Understanding horses’ happiness key to equestrian sport’s future

  • The need to understand how happy horses are in competition is key to improving welfare and keeping the sport’s social licence to operate.

    New research, How happy are equine athletes? Stakeholder perceptions of equine welfare issues associated with equestrian sports, has been published following a workshop held in March during which representatives from the animal welfare sector and different equestrian disciplines discussed welfare in sport.

    The work, funded by the Animal Welfare Research Network and promoted by the National Equine Welfare Council (NEWC), aimed to understand perceptions of current issues, attitudes towards welfare assessment and whether there is scope for change in these areas.

    During the workshop, participants watched presentations from industry experts about different aspects of sport horse welfare including the importance of social licence in the future of horse sport, the ethics of sport, and welfare measurement tools. Discipline-specific focus groups, made up of individuals including riders, judges and stewards, then shared their views on topics including whips and spurs, field turnout, young horse classes and the physical and mental demands on competition horses.

    It was discussed that there can be “conflict” between the demands of competition, stakeholders involved in a competition horse’s team such as the owner, rider and vet, and the innate needs of a horse, such as social contact, turnout, and emotional health. It was also recognised there is a need to be able to measure welfare better and that current welfare assessment tools were not suitable.

    Lead researcher and NEWC director Carol Hall told H&H with the FEI promoting the importance of producing “happy equine athletes”, there is a need to look at whether this was being done, what can be done better, and how to recognise what a happy competition horse is.

    “We hoped the workshop would start discussions between those involved in the sport and welfare researchers to develop a means of monitoring the ongoing quality of life of horses across the board,” she said.

    “We had discipline-specific focus groups because we wanted people to really investigate within their own sports what the main issues and challenges are. Within the groups people were very aware that from an outside perspective some things might not look acceptable in competition but the point was made as well that what people see is often just a snapshot of that horse’s life.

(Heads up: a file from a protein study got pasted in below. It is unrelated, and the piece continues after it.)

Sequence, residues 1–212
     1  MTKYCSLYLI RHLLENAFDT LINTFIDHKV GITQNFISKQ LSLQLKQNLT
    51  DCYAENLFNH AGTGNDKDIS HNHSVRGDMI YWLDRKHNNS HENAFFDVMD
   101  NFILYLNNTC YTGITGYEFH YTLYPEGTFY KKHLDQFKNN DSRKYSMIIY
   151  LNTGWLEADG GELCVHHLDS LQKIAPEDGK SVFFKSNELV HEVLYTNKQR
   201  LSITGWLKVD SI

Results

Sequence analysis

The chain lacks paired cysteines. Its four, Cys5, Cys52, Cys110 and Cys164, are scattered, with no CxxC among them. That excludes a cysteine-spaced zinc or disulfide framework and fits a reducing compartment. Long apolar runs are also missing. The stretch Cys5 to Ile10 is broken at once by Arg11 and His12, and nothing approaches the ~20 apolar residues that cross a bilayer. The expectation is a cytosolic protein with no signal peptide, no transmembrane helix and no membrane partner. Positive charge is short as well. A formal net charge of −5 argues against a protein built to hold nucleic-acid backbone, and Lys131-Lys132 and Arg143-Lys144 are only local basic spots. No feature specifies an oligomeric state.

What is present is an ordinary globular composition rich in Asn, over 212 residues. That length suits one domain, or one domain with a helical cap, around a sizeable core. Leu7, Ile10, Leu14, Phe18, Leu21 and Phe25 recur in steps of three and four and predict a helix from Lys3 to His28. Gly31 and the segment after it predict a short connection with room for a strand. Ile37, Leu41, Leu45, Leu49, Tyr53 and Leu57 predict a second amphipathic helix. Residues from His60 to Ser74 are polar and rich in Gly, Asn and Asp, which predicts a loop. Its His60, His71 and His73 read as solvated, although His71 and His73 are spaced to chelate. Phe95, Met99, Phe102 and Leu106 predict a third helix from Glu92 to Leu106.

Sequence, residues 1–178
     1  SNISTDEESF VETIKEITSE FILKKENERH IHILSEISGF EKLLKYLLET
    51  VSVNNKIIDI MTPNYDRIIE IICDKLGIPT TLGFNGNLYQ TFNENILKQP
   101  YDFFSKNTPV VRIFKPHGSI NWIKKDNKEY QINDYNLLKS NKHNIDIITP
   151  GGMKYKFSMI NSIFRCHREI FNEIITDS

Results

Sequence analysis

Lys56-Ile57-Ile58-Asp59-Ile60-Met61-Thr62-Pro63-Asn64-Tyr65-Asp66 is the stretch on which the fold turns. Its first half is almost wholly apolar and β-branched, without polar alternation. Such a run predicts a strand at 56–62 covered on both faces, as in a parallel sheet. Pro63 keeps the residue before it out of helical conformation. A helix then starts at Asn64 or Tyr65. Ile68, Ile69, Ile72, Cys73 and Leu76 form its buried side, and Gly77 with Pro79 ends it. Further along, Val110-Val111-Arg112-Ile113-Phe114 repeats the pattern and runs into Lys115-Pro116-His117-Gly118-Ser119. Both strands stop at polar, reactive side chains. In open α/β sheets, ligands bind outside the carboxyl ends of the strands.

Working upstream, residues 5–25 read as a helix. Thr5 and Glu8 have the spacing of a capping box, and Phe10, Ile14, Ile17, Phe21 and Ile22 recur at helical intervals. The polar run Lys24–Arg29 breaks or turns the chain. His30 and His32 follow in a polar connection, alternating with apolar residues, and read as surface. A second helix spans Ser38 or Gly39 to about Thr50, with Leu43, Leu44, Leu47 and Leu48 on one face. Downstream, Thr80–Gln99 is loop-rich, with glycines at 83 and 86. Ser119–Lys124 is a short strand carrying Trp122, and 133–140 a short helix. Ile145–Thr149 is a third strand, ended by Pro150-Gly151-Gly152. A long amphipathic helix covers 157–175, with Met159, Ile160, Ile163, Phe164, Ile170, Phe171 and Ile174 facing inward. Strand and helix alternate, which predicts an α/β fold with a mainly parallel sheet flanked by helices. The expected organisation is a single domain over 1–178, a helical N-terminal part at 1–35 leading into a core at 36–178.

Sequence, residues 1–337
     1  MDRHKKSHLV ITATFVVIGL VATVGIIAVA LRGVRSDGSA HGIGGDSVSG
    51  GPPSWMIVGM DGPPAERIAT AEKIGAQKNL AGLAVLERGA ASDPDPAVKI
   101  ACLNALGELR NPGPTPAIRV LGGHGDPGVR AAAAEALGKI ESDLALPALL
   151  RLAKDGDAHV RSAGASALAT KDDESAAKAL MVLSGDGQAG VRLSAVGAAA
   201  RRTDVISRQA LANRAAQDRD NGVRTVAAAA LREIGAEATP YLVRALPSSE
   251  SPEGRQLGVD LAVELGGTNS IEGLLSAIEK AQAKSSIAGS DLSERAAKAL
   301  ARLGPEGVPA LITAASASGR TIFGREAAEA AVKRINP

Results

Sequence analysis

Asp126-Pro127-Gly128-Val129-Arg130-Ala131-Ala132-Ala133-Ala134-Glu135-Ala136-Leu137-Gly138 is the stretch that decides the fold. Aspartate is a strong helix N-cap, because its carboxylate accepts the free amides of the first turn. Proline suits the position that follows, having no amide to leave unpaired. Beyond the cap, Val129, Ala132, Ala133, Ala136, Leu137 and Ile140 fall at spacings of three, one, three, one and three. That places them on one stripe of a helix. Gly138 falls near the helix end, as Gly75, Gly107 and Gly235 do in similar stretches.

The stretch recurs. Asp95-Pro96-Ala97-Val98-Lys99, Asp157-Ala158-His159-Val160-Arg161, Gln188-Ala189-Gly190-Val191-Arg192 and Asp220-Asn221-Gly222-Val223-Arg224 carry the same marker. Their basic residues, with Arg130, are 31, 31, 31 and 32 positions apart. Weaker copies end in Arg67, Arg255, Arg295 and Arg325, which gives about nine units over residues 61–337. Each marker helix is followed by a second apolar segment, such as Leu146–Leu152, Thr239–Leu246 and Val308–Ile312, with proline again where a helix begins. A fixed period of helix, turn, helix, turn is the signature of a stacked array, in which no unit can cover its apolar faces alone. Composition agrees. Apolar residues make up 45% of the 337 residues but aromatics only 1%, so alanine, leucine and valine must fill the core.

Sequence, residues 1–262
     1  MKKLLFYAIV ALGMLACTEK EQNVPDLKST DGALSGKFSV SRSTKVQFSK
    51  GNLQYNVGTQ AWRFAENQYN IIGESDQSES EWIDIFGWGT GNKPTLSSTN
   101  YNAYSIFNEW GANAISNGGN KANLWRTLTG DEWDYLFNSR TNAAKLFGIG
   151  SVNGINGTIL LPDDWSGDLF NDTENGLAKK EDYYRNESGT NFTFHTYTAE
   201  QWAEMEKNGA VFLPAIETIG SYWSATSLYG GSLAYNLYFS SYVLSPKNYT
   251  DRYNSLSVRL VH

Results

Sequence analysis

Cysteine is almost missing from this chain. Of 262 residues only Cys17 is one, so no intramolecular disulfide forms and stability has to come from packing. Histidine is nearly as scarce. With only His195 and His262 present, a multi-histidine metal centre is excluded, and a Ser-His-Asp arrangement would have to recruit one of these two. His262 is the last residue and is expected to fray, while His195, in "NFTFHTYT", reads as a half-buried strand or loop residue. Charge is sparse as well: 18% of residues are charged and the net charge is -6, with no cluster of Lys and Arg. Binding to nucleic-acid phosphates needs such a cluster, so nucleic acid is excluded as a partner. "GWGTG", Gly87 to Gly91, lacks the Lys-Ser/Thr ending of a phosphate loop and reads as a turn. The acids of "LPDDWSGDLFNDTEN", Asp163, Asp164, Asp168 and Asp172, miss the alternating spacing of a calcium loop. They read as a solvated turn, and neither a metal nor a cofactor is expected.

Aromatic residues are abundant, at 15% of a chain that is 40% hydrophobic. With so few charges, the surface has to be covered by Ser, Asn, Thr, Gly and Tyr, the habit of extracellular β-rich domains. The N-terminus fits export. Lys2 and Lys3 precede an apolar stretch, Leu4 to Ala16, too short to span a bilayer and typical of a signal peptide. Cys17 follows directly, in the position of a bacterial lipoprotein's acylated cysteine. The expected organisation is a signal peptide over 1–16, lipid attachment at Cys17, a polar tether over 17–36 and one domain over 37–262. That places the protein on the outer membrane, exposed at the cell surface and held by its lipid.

“There are various welfare assessments but they are not appropriate for everyday use in sport, so the long-term aim is to develop a way to evaluate whether competition horses are living the best quality of life possible.”

    Tamzin Furtado of the University of Liverpool was involved in the research and told H&H there is a changing situation where more people are questioning whether animals should participate in sport.

    “More and more we’re seeing this view, for example on social media, where people are questioning whether horses competing in sport is ethical, so we need to be getting to the highest levels of welfare not only for our horses, but for the future of our equestrian sport so we can maintain our social licence,” she said.

    “During the workshop there was a lot of discussion about whether we can aim for happiness as a goal for horses, because we don’t know horses would really ‘choose’ to participate in sport. We need to look at how we can make sure they’re having the best experience possible and how this can be measured.”

    Event rider and international coach Sam York, who took part in the workshop, told H&H she believes the social licence to involve horses in sport is at risk, and that it’s important for the non-horsey general public to see the care and attention to detail that goes into competition horses.

    “We need to find ways of demonstrating to the public that we love these horses and they get the best of everything; they get the physio, new shoes every four weeks, the best food. We do all these things in our eyes that are really maximising their welfare, but we need to recognise that what the public sees is us conditioning horses to do a sport they didn’t ask to do, and we need to look at how we get around those barriers,” she said.

    “We need to lead by example, and I’d like to see something similar to Michelin stars in restaurants where we recognise riders, coaches, trainers, venues, who are doing a very good job and getting the results but putting horse welfare at the very top of their priority list.”

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